ARTIST'S STATEMENT

My work arises from my fascination with the rich history of the Gulf Coast region. Throughout this area I see very interesting and historically valuable places that are on the verge of disappearing without documentation. I feel obligated to contribute to their preservation by calling attention to them. I cannot prevent the disappearance of these sites, but through my lens I can document them.  A verified miracle at the Academy of the Sacred Heart in Grand Coteau, the Great Expulsion that led to the establishment of the Cajun people and culture in Louisiana, the effects of the Civil War on small towns and communities, are all part of the heritage I continue to work to chronicle.


BIOGRAPHY

Bach Prados was born in Opelousas, LA, and grew up there. He is a graduate of Northwestern State University with a degree in Graphic Design. He has explored a wide variety of arts media including painting, drawing, sculpture, 3D wall pieces, digital imaging, and website design. He is currently working with photography and, occasionally, documentary film. Most recently he is designing and hand-crafting frames from reclaimed wood as an alternative to conventional framing for his photography.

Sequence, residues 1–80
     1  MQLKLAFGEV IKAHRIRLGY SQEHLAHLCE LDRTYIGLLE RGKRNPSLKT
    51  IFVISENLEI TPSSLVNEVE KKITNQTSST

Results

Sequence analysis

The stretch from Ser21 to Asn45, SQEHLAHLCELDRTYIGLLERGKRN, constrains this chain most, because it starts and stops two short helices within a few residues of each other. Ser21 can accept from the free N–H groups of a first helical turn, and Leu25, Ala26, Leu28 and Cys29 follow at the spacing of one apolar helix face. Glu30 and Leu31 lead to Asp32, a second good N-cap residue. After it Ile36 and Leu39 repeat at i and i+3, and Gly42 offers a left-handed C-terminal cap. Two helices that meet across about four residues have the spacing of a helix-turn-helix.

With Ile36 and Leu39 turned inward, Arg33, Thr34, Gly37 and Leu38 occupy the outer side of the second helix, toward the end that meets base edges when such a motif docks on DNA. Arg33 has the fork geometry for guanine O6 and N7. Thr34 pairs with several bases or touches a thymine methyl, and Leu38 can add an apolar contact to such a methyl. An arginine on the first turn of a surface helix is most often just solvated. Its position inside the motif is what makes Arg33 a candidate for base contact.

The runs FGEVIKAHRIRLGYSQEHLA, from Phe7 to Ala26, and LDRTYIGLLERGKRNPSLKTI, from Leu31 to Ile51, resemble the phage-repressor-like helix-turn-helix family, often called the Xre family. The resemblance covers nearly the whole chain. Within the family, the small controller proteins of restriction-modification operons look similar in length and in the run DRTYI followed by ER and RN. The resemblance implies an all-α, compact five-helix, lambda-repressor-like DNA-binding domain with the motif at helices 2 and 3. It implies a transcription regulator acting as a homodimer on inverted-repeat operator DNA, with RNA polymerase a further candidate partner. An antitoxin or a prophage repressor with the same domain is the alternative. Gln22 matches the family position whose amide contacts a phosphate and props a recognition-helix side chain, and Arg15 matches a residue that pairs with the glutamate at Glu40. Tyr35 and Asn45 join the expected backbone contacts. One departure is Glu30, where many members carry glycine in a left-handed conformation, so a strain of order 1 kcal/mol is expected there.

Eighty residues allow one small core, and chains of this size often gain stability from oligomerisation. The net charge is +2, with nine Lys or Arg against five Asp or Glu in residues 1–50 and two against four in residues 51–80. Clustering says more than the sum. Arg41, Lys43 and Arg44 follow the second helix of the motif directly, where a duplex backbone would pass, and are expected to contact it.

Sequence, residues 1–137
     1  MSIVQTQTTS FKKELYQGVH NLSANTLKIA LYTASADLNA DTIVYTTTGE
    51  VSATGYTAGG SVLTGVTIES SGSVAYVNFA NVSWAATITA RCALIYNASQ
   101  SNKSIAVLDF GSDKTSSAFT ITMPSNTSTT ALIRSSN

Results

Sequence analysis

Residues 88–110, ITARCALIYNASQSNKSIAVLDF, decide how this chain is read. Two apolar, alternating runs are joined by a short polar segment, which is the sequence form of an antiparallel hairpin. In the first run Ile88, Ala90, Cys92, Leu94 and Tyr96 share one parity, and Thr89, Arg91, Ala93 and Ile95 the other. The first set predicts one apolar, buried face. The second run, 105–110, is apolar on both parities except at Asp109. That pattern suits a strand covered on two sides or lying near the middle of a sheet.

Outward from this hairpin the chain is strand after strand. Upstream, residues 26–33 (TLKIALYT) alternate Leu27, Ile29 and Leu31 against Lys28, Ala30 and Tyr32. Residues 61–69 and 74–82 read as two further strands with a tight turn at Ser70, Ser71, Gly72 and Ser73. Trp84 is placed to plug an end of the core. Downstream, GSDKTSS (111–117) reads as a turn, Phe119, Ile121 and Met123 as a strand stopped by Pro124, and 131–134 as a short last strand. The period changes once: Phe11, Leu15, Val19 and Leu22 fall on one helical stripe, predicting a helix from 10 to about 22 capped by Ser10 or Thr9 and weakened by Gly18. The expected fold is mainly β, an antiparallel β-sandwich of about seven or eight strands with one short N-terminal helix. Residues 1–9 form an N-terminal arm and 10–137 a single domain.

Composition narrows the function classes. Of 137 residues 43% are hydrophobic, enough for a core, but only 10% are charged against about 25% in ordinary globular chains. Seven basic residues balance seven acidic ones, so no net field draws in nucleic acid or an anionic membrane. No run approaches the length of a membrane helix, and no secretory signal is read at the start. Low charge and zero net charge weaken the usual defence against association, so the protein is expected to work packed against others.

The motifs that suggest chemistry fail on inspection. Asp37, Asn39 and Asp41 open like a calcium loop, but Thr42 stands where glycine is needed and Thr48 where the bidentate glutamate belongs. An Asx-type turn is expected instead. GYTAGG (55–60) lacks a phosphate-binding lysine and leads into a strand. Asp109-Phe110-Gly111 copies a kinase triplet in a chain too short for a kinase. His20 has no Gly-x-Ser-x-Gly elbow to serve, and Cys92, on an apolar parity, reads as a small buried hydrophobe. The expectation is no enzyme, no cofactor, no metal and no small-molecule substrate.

His photography hangs in a number of private collections, as well as Our Lady of the Oaks Retreat House in Grand Coteau, the historic Steamboat Warehouse in Washington, and the Antique School Mall in Washington.  His latest documentary, titled "Acadiana," along with all the documentaries, are available on his YouTube channel.

Bach has lived and worked in South Louisiana and Maryland. As a member of the US Navy, he traveled and worked in Illinois, Virginia, California, Pearl Harbor, Hawaii, Alaska, Japan, Thailand, Indonesia, Hong Kong and Australia. In his role as Tactical Information Coordinator, he participated in Valiant Shield off the coast of Guam and Surge 2007 in the South China Sea.  This operation involved dozens of ships, hundreds of aircraft, and 22,000 troops, in drills designed to stretch troops' capabilities by forcing them to coordinate over vast distances and cope with uncertainty and weather.

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